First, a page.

Today’s CIO is confronted with a shift in thinking about expenses:
look for ways to move expenses from the Capital Expenditure (Capex)
budget to the Operational Expenditure (Opex) budget.
The Chief Financial Officer will look at ways to spread large costs over time to take advantage of amortization and depreciation. CFO's manage those expenses separate from the day-to-day operational expenses of the organization. Generally, big-ticket items like telephone systems, servers, software and, in some cases software development resource costs for products or internal application development, are capitalized. The Capex budget is determined annually, and investments made against it become locked in. Capital expenditures also appear on the Balance Sheet.
In contrast, the Opex budget is used for the day-to-day costs of running the business and are managed on a monthly basis. These expenses appear on the Income Statement simply as "operating expenses". These expenses fluctuate with the business and can go up or down from month to month. Examples include rent, utilities, payroll, and other expenses the are typically paid monthly.
CIO's must do two things at the same time: manage expenses and deliver high-quality, high-availability and robust applications for the business to grow.
How you manage this balance will define you in the organization. Add in the need to ensure data security, quick response along with integrating software architecture that is getting more complex makes your job both more difficult and harder to translate.
Because Information Technology expenses can be high, if consumed all at once, today’s CIO must look hard at spending to determine if it makes sense to build infrastructure or simply buy it as it is needed. The difference comes down to who owns the technology and how it is financed.
Enter Cloud Computing, Software as a Service (Saas), and Managed Hosting. Each of these services offer attractive pay-as-you-go structures. That can make the process of getting a small company's infrastructure started, or quickly spinning-up a solution for an internal application a cinch; but walking away from any one of these services is not always an easy proposition. These services offer new ways to move an expense from what might typically land on the Capex budget to the Opex budget.
In the last few years, your options for asset acquisition have broadened. As recently as five years ago, if you needed to acquire 4 servers to augment your infrastructure, you had only two options that required you to manage the full cost of the equipment:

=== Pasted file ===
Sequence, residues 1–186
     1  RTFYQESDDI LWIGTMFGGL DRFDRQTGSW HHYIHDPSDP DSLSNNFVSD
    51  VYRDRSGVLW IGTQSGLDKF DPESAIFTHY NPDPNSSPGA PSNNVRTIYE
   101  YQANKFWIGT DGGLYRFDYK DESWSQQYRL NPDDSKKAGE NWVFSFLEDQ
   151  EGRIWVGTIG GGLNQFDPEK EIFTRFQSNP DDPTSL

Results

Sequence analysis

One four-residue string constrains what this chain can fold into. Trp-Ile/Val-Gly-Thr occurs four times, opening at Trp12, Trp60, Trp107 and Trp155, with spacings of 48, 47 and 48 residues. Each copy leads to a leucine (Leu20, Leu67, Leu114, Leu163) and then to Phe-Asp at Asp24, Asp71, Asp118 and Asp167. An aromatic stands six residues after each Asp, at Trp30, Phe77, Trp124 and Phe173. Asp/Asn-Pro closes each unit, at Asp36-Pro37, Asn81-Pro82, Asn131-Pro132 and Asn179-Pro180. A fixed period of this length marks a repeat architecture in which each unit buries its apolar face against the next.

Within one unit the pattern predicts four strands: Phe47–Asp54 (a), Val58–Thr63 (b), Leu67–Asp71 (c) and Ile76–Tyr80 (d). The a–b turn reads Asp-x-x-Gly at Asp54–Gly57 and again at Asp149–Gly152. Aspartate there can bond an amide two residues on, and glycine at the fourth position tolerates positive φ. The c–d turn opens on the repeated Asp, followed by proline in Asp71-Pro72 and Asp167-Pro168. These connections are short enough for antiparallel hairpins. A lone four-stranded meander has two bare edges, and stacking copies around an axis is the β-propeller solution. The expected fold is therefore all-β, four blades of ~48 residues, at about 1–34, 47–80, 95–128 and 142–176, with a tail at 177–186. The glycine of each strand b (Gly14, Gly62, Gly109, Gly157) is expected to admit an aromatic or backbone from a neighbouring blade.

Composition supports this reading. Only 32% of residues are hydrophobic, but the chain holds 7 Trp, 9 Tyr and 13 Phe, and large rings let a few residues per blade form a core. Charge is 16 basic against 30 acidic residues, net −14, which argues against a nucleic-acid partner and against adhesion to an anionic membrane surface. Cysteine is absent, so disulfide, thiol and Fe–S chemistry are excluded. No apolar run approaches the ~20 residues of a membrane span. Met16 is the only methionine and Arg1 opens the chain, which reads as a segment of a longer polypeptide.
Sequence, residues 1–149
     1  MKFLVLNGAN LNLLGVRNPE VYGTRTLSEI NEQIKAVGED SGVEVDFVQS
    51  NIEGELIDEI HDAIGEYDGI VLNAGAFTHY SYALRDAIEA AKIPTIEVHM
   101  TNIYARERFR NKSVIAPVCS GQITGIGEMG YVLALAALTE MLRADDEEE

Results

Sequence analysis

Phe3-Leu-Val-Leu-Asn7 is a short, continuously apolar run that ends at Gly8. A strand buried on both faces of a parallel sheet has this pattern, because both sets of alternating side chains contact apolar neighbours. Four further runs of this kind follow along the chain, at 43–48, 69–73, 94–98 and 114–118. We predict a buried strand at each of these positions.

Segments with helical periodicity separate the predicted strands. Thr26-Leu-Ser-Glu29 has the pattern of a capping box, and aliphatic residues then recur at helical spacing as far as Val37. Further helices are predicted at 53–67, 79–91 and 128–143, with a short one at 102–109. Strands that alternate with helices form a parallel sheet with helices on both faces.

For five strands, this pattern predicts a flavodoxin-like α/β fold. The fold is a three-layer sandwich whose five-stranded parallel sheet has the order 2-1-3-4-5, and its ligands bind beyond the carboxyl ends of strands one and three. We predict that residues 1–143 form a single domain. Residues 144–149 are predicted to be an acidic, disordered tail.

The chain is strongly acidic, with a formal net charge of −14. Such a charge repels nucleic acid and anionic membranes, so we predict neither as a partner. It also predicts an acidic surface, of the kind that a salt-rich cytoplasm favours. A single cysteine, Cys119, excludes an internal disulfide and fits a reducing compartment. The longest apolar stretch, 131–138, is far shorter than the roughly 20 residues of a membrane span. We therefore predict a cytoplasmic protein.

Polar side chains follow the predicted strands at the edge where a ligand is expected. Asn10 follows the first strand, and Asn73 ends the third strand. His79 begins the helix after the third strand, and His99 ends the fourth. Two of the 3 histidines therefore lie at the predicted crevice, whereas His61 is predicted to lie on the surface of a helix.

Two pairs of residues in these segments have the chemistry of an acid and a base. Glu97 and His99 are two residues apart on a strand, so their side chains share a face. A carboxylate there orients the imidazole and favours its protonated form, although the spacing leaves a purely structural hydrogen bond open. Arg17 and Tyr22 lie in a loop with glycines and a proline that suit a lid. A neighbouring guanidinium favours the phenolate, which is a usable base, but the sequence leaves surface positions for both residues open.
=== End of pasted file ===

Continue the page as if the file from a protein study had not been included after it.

Today, you have four more options:
Did that just get complicated? In the sense of finance, actually, no. It got simpler.
Just make sure you read the fine print. Each of these options comes with considerations. For example, a hosting company will let you rent time on a "shared server" platform, but if you want a dedicated platform, it begins to sound a lot like an operational lease (the hosting company owns the asset). And, don't forget the hidden costs for using any cloud- or hosting-based solution. These include things like how much data you pass across the Internet and sometimes how much CPU you are using. That can cause your monthly bill to fluctuate. Finally, for any of these services requiring access to the Internet (SaaS and hosting), security and a fast link are essential.
Choosing what to move from Capex to Opex is ultimately the CFO's decision. He or she will want to keep a good balance between the two budgets. Whether to capitalize depends on the tax year, future anticipated earnings, availability of credit, cash flow and other factors that are of particular interest to the CFO. Your job here is to help the CFO understand how the asset will be used, its expected lifetime, potential for renegotiating pricing, and options such as dollar buy out on a lease.
You have several questions to answer, before you can make a solid recommendation. Here some basic criteria to get you started:
Candidate criteria for moving to Opex:
Candidate criteria for Capex:
Today's CIO is a partner with the CFO in helping to determine the
best way to finance assets and computing resources. Your unique
understanding of technology, its evolution in the company and your
ability to predict the need for close integration among differing
platforms can be invaluable to the CFO.